I recently attended ISM World 2023, one of the year’s preeminent supply chain and procurement events.  One of the major themes and sources of discussion in the break out sessions was harnessing AI and robotic process automation (RPA) to gain efficiency and optimize resource deployment.  Firms of all sizes are all over the spectrum in terms of their automation journey.  For those that are looking for a place to start, I’ve outlined a brief roadmap summarizing how we help clients with this very issue.

The first step is to take an enterprise view of the kind of problems you are trying to solve through automation. The goal could be increased productivity, reduced costs, improved product quality or better service delivery, but it’s critical to establish what the problem is before you can work out if automation is the answer.

A committee approach, that brings together business function and IT experts, can help companies to understand the interdependencies between their key business processes and functions, and to define the required adjustments to their processes, in order to create a feasibility assessment well before a business case is made.

The next stage is to create a clear automation pipeline, using a structured methodology to evaluate opportunities and impacts. For example, when assessing different categories of automation opportunity, ask questions such as:

  • Would this simplify or improve an existing business process or function?
  • Would this transform a function or the enterprise at large?
  • Could this optimize a key function or business process?

Assessment of impacts should involve an understanding of how people will be affected across the organization, leveraging cross-industry research wherever possible. For example, the European Robotics Industry’s Good Work Charter sets out some of the principles for how humans and robots can work side by side.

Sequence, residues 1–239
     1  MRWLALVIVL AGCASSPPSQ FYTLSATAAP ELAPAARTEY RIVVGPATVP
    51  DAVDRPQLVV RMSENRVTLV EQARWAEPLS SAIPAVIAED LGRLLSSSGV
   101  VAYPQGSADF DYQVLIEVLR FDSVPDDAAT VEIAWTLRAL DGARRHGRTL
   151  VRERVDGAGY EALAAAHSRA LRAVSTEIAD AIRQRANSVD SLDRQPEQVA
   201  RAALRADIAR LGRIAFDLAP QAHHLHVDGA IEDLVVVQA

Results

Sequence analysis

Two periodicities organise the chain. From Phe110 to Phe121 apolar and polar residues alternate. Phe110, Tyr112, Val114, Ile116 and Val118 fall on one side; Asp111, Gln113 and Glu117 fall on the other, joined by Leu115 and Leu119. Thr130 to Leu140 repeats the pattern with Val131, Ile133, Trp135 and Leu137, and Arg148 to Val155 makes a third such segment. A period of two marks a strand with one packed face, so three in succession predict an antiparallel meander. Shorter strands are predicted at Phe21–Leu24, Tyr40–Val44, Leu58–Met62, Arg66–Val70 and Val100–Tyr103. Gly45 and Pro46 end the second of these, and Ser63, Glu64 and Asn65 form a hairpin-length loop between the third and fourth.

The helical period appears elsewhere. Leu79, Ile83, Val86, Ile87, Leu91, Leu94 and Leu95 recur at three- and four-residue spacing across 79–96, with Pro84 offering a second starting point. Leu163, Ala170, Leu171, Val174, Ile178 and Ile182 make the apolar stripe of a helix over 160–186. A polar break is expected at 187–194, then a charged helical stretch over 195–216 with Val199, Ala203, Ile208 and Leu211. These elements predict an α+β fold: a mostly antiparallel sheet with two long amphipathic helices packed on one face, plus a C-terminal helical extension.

For every automation opportunity, functional leaders must be able to articulate where it sits on both feasibility and risk spectrums. This requires an understanding of both the technical implications (e.g. how it complements the existing IT capabilities and roadmap) and the business implications (e.g. impacts on organizational structure, downstream stakeholders, and the level of change management required to implement and sustain a particular path).

Avoid high-risk, high-return projects to start with

To begin with, it is better to start slow, especially if the business is new to automation. Avoid the urge to embark on projects that have the highest return, but also involve a high risk of failure and a high degree of complexity.

Organizations can work towards more complex projects over time, using real-time experience to build automation integration capabilities within your enterprise. One of the issues companies are likely come across is skills gaps. Taking a measured approach will help identify these gaps and develop the right approach to filling them.

Making a successful transition to automation, however, isn’t just about recruiting or reskilling individuals to perform key functions. There needs to be honesty about whether the capability and experience exists within the enterprise to identify opportunities and select and implement the right technology.

Organizations will have to weigh up whether bringing in full-time expertise, partnering with consultants, or a hybrid approach presents the best path to de-risking the project and delivering success.

The final piece of the jigsaw is sustaining momentum once the integration is underway. This requires fostering a culture of continuous learning throughout the enterprise, through organizational training and development programs, and through capturing key perspectives on matters such as customer experience, analytics and organizational design.

It is important that ongoing requirements and their associated costs, such as maintenance, documentation and training, are established at the outset. This should include identifying how existing roles may need to be modified (even if those roles don’t directly intersect with the automation application or process) and how key learnings along the way will be captured - especially the root causes of any failures or setbacks.